If you haven’t already tried Pitango’s gelato, then I highly recommend you do so. Temps are expected to reach the ’90s all week long and this stuff is not only the real deal but it’s the perfect way to stay cool in this sweltering heat.
I’ve always been an ice cream kind of girl. My go-to flavors are strawberry cheesecake from Ben and Jerry’s
and I’m a sucker for Haagen Dazs Dulce De Leche.
But nothing even comes close to the pure deliciousness of Pitango’s pistachio gelato.
Now I have to tell you the truth. I really didn’t know what exactly was the difference between gelato and ice cream (or if there even was a difference.) I mean isn’t the word “gelato” italian for ice cream? So I googled it and here’s what I found out. According to an italian food blog this is the difference between ice cream and gelato. And indeed there are many differences.
For a product to carry the label of “ice cream” in the US it has to have a minimum 10% fat content. Lower quality ice cream will be around 11 or 12%, while higher quality products will hit 16% and higher. Gelato is a different thing all together- since the milk-to-cream ratio is much higher, the fat content is significantly lower- anywhere between 3 and 8%.
This is particularly important when it comes to taste, as the lower fat content doesn’t saturate your taste buds as much, and the flavors have the chance to emerge stronger. Air content is also significantly different: overrun, the difference between the weight of the ingredients and the weight of the final product given a fixed volume, used to measure the amount of air that is trapped in the final product, is about 25%-30% ingelato and usually in excess of 50% in ice cream. The reason of the different air content resides in the churning method and the processing speed. Last, but not least- serving temperature. Ice cream is served frozen, while gelato is not- hence the challenge to lick your way around the cone before it melts.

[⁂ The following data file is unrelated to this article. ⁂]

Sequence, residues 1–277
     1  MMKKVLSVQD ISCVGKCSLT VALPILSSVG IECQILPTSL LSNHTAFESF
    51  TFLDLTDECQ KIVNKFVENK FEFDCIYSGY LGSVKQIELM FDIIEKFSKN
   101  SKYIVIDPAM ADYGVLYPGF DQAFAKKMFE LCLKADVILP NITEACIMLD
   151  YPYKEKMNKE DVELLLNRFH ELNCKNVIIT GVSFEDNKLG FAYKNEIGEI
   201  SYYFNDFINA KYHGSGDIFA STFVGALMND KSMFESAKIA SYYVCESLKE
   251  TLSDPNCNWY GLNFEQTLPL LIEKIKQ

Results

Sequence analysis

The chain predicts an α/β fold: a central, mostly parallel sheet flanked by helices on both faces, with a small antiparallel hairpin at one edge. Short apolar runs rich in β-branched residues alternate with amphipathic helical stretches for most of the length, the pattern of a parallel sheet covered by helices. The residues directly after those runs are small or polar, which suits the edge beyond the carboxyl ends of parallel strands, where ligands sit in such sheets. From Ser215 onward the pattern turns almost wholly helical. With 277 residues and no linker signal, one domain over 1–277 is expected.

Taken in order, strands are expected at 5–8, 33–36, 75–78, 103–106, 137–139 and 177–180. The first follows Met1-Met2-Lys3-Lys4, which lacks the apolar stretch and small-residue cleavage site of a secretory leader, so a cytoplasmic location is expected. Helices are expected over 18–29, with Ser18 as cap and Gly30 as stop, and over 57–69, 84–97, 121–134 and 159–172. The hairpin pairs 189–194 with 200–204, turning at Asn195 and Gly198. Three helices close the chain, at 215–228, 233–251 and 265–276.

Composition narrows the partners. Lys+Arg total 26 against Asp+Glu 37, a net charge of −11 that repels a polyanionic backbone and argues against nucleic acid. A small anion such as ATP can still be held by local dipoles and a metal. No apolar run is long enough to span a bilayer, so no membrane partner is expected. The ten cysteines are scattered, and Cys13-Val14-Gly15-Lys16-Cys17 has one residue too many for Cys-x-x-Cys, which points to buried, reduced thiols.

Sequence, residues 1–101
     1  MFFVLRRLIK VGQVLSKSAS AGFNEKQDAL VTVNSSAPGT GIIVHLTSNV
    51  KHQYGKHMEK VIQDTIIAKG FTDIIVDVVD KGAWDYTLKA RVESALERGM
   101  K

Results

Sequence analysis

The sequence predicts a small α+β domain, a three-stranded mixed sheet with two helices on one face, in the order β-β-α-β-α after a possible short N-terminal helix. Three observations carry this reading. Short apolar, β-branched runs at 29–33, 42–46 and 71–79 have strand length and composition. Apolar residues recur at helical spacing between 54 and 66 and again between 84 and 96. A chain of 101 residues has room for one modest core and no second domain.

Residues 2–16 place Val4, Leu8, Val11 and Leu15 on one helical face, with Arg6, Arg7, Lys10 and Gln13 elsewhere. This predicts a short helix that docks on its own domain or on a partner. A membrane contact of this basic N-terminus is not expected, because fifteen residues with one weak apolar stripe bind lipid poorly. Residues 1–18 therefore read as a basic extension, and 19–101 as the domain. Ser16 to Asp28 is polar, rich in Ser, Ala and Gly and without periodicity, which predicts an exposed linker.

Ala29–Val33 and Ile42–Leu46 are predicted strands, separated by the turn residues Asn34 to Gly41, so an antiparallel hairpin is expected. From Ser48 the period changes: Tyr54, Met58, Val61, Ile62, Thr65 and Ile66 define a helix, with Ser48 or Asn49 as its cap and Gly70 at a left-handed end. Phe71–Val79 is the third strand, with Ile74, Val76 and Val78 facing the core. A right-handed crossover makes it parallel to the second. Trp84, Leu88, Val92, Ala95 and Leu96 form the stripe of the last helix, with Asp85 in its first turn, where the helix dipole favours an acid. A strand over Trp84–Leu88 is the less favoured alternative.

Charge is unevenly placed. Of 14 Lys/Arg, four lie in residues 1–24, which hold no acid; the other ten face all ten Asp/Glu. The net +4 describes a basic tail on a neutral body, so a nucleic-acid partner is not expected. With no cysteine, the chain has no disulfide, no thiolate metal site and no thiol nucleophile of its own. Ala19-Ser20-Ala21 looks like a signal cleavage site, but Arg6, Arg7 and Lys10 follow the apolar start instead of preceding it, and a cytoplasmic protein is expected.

Ok so back to the Pitango I visited on 7th street in NW DC. (There are several other locations including ones in Baltimore, Reston and Capitol Hil area.) Pitango, whose namesake is a variety of cherry that grows wild in Israel. Owner Noah Dan has clearly and successfully reproduced the taste from his gelato from his childhood. Pitango produces a very high-end product without the use of chemicals or artificial additives. Pitango Gelato takes organic milk, cream, eggs, sugar, fruits and nuts and combines them using traditional Italian ice cream making methods. And you can absolutely taste the difference. I have decided that before the summer ends I want to taste every single flavor that Pitango’s offers. Next up is the spicy chocolate and bourbon vanilla!
I’m up for the challenge =)